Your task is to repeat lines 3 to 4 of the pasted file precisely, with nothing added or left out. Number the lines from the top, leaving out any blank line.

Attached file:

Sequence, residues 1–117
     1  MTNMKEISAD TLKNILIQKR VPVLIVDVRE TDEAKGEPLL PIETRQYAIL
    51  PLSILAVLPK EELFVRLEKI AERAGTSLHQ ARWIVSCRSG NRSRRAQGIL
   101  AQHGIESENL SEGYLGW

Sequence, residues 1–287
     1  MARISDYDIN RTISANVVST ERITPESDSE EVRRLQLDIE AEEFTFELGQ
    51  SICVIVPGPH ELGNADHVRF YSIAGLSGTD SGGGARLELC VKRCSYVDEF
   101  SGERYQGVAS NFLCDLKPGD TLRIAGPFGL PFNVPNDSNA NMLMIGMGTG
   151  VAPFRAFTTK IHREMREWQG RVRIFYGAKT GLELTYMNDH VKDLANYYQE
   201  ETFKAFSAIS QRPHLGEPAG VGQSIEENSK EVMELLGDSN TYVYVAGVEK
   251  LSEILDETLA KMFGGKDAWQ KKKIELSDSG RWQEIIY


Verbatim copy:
    51  PLSILAVLPK EELFVRLEKI AERAGTSLHQ ARWIVSCRSG NRSRRAQGIL
   101  AQHGIESENL SEGYLGW